Everything You Must Know About The Sardinian Flag

I often get asked about the meaning of the Sardinian flag and – shame on me! – despite being born and raised on the island I can never give an accurate answer. 

You see, we Sardinians love our flag. Known as “I Quattro Mori” (The Four Moors), you can often see us sporting one – stitched to our backpack (in fact, we even have Sardinian flag themed backpacks!); as a beach towel or umbrella; waved during concerts and events (I swear there’s no concert in the world without a Sardinian flag making an appearance); in the logo of our beloved Sardinian Ichnusa beer; in the logo of Cagliari Football Club; in photos we pose for whenever and wherever we travel. 

To answer all your questions – as well as mine – I thought I’d do a bit of research and explain everything there is to know about the Sardinian flag. Continue reading to unveil the mystery. 

Sardinian flag
Posing with the Sardinian flag in the Salar de Uyuni, Bolivia

Everything You Need To Know About The Sardinian Flag

Some basic information about the Sardinian flag

The Sardinian flag consists of a red St. George’s cross. In each of the four partitions, you can see a black head – that of a Moor, facing left in the old flag (pre-1999), or right in the more modern one. That’s the basic about the flag of Sardinia, whose look – as we will learn in this post – slightly changed across time. 

A quick history of Sardinia

The first thing to keep in mind when trying to understand the origins and the meaning of the flag of Sardinia is that there still is a lot of mystery and uncertainty about it. I will try to give as accurate an account as possible.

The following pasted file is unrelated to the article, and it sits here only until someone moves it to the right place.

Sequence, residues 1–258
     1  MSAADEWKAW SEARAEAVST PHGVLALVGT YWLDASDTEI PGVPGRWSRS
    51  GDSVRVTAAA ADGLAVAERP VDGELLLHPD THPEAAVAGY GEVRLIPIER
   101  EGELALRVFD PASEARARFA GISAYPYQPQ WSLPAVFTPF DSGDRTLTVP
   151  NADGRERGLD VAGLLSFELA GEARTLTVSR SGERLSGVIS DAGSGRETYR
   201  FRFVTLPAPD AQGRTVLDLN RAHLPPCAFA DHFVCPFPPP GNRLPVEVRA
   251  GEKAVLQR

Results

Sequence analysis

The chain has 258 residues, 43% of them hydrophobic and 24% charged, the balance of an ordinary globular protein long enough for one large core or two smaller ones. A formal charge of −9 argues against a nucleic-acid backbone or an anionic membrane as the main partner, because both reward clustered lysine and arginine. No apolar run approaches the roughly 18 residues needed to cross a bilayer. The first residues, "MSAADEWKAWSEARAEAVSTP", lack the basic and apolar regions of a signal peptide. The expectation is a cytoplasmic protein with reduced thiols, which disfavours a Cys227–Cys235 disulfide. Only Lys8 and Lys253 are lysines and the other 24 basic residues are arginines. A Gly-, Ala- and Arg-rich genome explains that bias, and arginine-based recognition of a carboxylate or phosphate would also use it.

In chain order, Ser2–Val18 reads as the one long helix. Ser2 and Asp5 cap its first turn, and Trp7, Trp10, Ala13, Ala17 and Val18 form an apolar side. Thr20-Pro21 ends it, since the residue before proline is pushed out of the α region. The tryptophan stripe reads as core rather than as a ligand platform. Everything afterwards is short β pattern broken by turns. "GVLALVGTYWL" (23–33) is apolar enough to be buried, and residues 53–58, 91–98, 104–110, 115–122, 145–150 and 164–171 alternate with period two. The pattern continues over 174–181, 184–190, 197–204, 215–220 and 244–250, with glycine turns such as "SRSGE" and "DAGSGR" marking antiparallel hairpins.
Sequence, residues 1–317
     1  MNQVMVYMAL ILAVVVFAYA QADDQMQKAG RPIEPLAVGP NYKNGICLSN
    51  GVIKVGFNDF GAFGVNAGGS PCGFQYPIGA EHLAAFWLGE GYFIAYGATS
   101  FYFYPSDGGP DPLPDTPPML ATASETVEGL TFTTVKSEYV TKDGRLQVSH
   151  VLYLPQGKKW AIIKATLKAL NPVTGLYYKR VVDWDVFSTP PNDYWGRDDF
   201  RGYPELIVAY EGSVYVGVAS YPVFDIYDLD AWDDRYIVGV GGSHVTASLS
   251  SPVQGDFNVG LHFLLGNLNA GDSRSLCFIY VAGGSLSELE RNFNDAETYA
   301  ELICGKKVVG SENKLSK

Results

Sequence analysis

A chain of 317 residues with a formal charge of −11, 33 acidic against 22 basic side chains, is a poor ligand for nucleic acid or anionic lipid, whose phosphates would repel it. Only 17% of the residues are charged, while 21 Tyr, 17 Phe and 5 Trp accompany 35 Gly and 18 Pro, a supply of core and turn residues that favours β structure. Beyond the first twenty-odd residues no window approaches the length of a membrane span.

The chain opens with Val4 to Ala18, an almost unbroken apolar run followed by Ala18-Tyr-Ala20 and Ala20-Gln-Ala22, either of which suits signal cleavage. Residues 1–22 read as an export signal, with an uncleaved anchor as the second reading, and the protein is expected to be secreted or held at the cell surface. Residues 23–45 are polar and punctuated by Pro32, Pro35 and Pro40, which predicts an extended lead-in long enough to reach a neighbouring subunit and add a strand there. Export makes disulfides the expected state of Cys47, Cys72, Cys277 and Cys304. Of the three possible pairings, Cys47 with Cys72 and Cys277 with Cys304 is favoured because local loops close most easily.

To properly understand the meaning of the Sardinian flag, you need to have at least some basic knowledge of the history of Sardinia. I certainly can’t go through all of it here (Sardinia is too old an island!) – I will just report the bits that are relevant to understand the significance of the Sardinian flag.

In 1096 Peter I of Aragon and Navarre (modern day Spain) defeated the Saracens army of Al-Mustra’in II of Zaragoza in Alcoraz (a city located in the north-east of Spain). Once the battle was over, the king was donated a crusader’s shield which depicted the cross of Saint George, and he was also surrendered the heads of four Moorish Princes.

According to legend, Saint George himself appeared during the battle and led the army to victory. Some legends even seem to believe that he himself decapitated the four princes.

The four decapitated Saracens (the moors) quickly became the symbol of the war that raged in Southern Europe against the Muslim invaders. 

INTERESTING FACT: The four moors were painted in a 16th piece by Filippo Ariosto titled “The Wedding of Petronilla,” which represents the wedding of Petronilla and Raymond Berenguer IV, Count of Barcelona, which occurred in 1150. 

Parallel to this story, it’s interesting to note the history of Sardinia, which between the 9th and the 15th century was divided into four kingdoms, known as the Judicates, or Giudicati. These were the the Judicate of Cagliari, the Judicate of Arborea (corresponding to the current province of Oristano), the Judicate of Gallura (in north-western Sardinia) and the Judicate of Torres (in northern Sardinia).

Each of the Judicates had a ruler – known as a judge and having the powers of a king. 

While the Judges ruled over the various kingdoms of Sardinia, Pisa and Genoa were already threatening invasion of the island. Other threats were the pirates coming from Northern Africa, and the Saracens from Spain – which the Judicates somehow managed to keep at bay.

At the end of the 13th century, in an attempt to put an end to the everlasting fight between the Angiò and the Aragon family over the control of Sicily, Pope Bonifacio VIII founded the kingdom of Sardinia and Corsica, and donated it as a feud to King Jacob II of Aragon. 

Make sure to read my post The History Of Sardinia And Where To Discover It.

Sardinian flag

The first official appearances of the flag of Sardinia